Tuesday, Aug 4, 2020
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A budget for ‘special interests’

The Minnis administration’s budget for the 2019/2020 fiscal year is one designed to benefit “special interests”, Shadow Minister of Finance Chester Cooper asserted in the House of Assembly yesterday.

“This budget is a failure,” Cooper said to jeers from government MPs.

“It is painfully clear that there was heavy lobbying for and on behalf of special interest and their negotiators won.”

Cooper said that the budget contained tax breaks that benefitted only the wealthy, while the middle class and poor “got shafted”.

He pointed to the benefits that second homeowners and new car dealerships would see from the new budget provisions.

“On top of the $25 million lost in excise tax last year because you allow them to bring in the cars duty free and only pay taxes when they sell the car, they get even more tax breaks this time,” he said.

He continued, “So the rich get loopholes and the poor gets crayons.”

Minister of Finance Peter Turnquest last week touted duty reductions on pens, pencils, crayons, rulers and sharpeners as tax relief measures. Other items that saw duty reductions included small refrigerators and stoves, fire extinguishers, flashlights, radios, pots and pans and household furniture.

Cooper also criticized the movement of the General Post Office to the Town Centre Mall. The announcement of the new location last year was met with widespread criticism, as the principal shareholders of the property are Minister of Immigration Brent Symonette and his brother.

“This administration promised campaign finance reforms in the interest of their soap box transparency and accountability,” Cooper said.

“Many who sit in here will praise the movement of a post office to Town Centre Mall as a national achievement, yet fiddle while Bahamas Power and Light says one thing and does another, while still failing to provide affordable electricity and keep the lights on.”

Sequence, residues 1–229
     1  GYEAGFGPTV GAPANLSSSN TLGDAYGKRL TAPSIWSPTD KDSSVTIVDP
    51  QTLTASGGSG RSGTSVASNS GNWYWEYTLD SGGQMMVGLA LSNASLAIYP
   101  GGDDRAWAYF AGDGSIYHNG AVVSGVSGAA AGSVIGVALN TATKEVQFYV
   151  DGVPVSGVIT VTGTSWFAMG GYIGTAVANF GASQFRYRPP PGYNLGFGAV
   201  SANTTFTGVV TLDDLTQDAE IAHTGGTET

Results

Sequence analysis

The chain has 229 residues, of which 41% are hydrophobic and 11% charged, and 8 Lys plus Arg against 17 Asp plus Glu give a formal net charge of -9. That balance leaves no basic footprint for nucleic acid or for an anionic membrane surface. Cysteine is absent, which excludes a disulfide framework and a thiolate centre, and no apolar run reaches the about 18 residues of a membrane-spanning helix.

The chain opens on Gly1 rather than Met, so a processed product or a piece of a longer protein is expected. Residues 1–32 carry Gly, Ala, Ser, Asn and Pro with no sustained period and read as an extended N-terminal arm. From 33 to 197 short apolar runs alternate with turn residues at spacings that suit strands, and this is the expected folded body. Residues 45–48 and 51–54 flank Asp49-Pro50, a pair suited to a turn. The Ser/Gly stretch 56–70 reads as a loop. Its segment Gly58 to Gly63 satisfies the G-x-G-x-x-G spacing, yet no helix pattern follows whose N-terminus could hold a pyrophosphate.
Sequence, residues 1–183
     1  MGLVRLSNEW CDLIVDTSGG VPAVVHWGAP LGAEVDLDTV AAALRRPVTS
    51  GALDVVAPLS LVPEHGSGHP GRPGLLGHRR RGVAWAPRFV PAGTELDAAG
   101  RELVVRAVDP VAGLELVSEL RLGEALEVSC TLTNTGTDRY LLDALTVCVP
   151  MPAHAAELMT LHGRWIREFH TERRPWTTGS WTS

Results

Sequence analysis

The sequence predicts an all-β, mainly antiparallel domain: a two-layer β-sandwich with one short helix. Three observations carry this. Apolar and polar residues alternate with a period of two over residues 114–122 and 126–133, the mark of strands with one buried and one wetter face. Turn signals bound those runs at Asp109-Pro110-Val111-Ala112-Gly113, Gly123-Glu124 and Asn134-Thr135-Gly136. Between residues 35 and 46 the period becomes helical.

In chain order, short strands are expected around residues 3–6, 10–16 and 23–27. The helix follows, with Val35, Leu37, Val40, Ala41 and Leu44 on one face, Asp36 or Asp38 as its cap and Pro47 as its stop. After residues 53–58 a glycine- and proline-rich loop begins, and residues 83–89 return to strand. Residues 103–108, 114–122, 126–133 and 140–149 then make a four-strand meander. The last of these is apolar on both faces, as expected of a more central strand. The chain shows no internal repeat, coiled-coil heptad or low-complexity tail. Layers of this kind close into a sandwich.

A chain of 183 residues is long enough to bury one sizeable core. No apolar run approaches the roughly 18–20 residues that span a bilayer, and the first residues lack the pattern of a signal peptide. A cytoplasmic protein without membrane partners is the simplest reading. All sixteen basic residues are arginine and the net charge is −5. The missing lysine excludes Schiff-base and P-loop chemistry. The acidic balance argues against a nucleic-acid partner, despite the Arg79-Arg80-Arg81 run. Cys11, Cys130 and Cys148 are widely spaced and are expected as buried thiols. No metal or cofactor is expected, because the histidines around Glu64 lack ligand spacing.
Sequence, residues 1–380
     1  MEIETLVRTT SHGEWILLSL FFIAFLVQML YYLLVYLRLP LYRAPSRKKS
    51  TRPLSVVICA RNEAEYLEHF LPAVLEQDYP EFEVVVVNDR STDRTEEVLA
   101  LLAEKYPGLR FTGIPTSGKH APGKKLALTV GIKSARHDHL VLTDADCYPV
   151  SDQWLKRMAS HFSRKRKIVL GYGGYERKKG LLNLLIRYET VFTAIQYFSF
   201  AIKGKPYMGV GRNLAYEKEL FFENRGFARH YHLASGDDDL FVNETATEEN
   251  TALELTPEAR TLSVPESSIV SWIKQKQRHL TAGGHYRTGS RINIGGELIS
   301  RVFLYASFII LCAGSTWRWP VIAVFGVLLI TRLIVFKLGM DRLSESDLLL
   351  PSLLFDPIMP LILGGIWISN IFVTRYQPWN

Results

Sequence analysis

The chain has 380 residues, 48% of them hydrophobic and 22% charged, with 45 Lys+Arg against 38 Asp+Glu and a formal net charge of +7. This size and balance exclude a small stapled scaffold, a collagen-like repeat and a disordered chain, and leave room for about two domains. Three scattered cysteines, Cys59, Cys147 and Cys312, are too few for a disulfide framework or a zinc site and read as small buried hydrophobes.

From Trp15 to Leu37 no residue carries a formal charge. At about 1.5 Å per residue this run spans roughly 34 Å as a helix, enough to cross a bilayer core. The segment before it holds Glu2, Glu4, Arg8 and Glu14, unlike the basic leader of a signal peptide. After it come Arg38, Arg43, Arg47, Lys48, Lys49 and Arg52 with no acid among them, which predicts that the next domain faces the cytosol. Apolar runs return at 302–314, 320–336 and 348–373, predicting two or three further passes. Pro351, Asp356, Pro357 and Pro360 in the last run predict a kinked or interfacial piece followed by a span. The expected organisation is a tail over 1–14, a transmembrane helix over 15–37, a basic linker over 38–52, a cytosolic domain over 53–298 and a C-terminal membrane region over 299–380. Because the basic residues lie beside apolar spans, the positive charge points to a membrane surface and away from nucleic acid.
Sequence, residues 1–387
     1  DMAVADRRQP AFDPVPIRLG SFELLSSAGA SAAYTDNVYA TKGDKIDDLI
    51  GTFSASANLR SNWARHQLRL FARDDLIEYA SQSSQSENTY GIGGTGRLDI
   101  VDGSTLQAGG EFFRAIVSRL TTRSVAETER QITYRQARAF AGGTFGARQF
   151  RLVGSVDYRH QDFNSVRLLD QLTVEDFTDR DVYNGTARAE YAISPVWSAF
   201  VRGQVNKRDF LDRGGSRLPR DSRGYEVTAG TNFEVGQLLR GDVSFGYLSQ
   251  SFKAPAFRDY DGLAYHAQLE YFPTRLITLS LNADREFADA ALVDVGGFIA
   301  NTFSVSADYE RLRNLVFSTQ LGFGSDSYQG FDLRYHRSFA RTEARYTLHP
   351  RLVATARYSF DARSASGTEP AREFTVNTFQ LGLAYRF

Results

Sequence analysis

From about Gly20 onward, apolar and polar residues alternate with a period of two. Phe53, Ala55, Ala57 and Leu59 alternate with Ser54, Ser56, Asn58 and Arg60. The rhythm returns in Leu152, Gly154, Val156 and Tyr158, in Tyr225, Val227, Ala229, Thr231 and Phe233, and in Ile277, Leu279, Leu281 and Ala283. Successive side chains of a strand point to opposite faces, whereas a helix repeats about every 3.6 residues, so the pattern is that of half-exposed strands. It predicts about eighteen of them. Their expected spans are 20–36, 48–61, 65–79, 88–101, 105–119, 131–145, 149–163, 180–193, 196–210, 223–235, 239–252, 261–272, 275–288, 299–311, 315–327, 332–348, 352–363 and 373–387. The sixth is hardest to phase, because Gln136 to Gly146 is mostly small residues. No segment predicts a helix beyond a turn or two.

Cooper, MP for Exuma and Ragged Island, also called on Prime Minister Dr. Hubert Minnis to apologize to the people of Ragged Island over what he called “gross neglect” by the government.

The island was devastated by Hurricane Irma in September 2017. Nearly two years later, government buildings on the island remain in a state of disrepair.

“It is my sincere hope that during this budget debate our prime minister will offer an apology to the people of Ragged Island for gross neglect on the part of this administration,” Cooper said.

“It is my hope that this prime minister and the minister of education will articulate what the government intends to do on Ragged Island about the upcoming school year.

“It is my hope that there is a plan in place, right now, for the provision of a nurse and some sort of clinic facility on Ragged Island.

“The need for this is urgent.

“These are real people, with real needs that the government is not meeting.

“I cry and make noise for them because their cries have clearly fallen on deaf ears.”

Staff Reporter at The Nassau Guardian
Rachel joined The Nassau Guardian in January 2019. Rachel covers national issues.
Education: Virginia in Charlottesville, BA in Foreign Affairs and Spanish
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